Was Woodhouse Patient Confidentiality Breach Complicity The Tipping Point For Muller’s Resignation?
Was the Woodhouse patient confidentiality breach complicity the tipping point for Muller’s resignation?
This Tuesday morning’s shock resignation of Todd Muller after only 53 days as leader of the National Party following his successful but close coup against former leader Simon Bridges has got New Zealand’s pundits going.
Most of his parliamentary caucus appear not to have known until the announcement. A wit this morning texted Radio New Zealand commenting that who needed sport when we have politics.
Muller is no pushover. But, after a competent and assured first media conference and an encouraging independent opinion poll, things went off the rails that started to be reflected in internal polling.
Much of it related to the health system and quarantine challenges for returning New Zealand’s, especially but not only the flagrant breach of Covid-19 patient confidentiality by disgraced right wing political operative Michelle Boag.
He had to deal with the actions of his wayward MP Hamish Walker who first released a racist media statement about returning New Zealanders in quarantine and then leaked Boag supplied confidential information about Covid-19 patients to the media. Muller did address these (and to the latter firmly) although not as quickly as he should have. But at least he acted.
Nevertheless he was blindsided by both these actions and destabilised as a consequence. But compounding them was the subsequent discovery that his health spokesperson Michael Woodhouse MP had also received confidential patient information from Boag (different but similar).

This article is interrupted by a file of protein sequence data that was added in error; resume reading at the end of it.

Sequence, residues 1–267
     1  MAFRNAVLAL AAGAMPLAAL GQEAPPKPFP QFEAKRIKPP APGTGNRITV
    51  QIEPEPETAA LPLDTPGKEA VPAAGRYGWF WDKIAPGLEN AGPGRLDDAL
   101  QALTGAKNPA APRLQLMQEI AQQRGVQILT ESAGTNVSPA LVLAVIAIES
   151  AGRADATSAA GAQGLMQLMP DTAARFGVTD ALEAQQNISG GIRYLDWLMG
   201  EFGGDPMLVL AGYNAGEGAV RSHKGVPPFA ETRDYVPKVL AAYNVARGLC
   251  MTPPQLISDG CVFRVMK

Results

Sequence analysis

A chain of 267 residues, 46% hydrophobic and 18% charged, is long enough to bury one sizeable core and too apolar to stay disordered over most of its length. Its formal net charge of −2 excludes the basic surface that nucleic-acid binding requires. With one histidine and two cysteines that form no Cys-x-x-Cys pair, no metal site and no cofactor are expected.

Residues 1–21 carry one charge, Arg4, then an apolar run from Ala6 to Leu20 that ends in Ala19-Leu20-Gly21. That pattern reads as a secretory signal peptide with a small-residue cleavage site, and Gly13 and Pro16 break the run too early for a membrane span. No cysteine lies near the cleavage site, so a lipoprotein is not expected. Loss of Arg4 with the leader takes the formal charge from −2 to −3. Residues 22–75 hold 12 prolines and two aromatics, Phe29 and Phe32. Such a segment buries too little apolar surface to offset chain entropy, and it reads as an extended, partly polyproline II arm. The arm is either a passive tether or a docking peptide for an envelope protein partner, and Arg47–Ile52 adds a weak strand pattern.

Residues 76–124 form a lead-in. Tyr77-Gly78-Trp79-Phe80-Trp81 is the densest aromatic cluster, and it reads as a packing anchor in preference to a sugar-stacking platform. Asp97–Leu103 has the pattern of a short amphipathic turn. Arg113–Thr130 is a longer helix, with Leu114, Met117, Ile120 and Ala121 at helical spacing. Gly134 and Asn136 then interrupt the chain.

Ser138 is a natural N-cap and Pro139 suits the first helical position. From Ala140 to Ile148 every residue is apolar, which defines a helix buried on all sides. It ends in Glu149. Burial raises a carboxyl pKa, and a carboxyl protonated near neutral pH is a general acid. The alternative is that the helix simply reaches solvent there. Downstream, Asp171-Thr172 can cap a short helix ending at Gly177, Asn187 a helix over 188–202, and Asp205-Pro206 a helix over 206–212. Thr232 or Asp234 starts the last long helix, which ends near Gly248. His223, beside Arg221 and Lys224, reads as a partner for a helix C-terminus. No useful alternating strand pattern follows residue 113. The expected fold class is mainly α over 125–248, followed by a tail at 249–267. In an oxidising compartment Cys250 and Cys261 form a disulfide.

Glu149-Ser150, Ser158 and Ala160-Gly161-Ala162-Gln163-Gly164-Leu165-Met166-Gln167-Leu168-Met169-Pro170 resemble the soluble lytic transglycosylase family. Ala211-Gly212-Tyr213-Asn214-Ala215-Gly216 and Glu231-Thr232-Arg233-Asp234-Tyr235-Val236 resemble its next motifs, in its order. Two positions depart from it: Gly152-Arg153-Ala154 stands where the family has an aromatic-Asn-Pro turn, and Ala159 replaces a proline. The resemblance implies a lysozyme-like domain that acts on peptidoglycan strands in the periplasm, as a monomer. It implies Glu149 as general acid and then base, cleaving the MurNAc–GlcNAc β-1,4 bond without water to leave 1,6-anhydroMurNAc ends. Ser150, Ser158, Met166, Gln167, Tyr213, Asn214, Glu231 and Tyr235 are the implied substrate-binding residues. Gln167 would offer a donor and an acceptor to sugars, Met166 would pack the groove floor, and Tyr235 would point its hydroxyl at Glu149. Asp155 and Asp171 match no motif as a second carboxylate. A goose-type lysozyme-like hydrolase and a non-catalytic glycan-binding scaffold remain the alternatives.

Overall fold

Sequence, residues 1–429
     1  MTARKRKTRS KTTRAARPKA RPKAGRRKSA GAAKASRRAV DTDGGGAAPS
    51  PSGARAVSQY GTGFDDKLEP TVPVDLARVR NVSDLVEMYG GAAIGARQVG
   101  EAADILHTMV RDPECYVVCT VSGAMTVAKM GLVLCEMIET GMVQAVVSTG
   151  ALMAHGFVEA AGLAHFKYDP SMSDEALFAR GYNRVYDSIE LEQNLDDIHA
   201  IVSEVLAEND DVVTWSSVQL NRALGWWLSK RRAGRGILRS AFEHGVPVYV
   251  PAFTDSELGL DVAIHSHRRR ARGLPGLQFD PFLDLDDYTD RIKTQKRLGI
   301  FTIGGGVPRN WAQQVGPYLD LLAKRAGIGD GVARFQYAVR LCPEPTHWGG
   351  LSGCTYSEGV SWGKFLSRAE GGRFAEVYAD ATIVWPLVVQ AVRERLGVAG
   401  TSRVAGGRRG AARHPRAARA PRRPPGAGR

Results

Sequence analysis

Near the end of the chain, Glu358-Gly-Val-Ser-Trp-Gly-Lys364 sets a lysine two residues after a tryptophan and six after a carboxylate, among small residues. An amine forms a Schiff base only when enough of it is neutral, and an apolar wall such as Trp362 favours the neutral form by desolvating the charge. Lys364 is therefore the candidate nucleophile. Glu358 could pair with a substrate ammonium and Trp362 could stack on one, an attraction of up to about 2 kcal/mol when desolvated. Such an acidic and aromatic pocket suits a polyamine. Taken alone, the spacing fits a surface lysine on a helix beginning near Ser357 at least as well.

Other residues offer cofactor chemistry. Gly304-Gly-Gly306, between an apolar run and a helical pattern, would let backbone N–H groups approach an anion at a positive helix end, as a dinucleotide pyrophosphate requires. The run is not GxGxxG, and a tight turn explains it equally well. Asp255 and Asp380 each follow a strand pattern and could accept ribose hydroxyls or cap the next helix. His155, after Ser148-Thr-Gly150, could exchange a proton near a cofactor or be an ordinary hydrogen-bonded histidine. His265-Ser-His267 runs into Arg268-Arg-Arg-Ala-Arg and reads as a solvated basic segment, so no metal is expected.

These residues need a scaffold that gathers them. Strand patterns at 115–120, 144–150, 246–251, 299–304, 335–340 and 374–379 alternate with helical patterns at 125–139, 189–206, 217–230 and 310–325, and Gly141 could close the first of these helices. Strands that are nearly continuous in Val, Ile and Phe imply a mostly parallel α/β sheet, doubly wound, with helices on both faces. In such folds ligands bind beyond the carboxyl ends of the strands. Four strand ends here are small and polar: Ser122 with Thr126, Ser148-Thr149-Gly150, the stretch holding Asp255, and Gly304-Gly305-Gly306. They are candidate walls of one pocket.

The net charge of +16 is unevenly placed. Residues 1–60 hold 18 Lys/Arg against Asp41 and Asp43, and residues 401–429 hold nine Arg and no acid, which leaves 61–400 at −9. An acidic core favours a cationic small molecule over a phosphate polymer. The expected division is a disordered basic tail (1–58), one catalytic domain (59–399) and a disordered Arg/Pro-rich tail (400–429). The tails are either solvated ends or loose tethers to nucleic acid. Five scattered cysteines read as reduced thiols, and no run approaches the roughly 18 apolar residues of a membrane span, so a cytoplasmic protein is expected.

Woodhouse would have been aware of the seriousness of patient confidentiality breaches from his own previous work experience in the health sector. He knew that such breaches must be reported to the relevant authorities immediately. But he chose not to – not to the Health Minister’s office, not to the Ministry of Health, and not even to his own Leader.
Woodhouse’s position as health spokesperson became untenable. Certainly, he could never become a future health minister. He quickly goes politically underground presumably on the order of a betrayed Muller. What was surprising is that soon after Muller also went underground. It is obvious now that this was to reflect on this leadership future.
Unresolved dirty politics legacy
A week is a long time in politics. Last week was so tumultuous and disastrous that it was almost impossible to recover from. Sacking Woodhouse would have inevitably had to happen. Muller was quite capable of doing this. But the damage was done, deep and irreparable.
It is now being reported that a number of Muller’s recently appointed senior staff were on the point of resigning. It is also likely that further revelations originating from Boag’s unscrupulous conduct would come out.
The ethically challenged Woodhouse may not have been the cause of Muller’s resignation who was already destabilised by Boag’s especially and Walker’s actions. His health spokesperson’s complicity in patient confidentiality leaks may well have been the tipping point into a political meltdown that engulfed him and that it was likely to only get worse.
A number of political commentators have observed that the National Party won’t start to get out of its mess until it acknowledges its legacy of dirty politics exposed by Nicky Hagar’s book of the same name in 2014 that revealed the ‘black ops’ running out of former Prime Minister John Key’s office. They are right.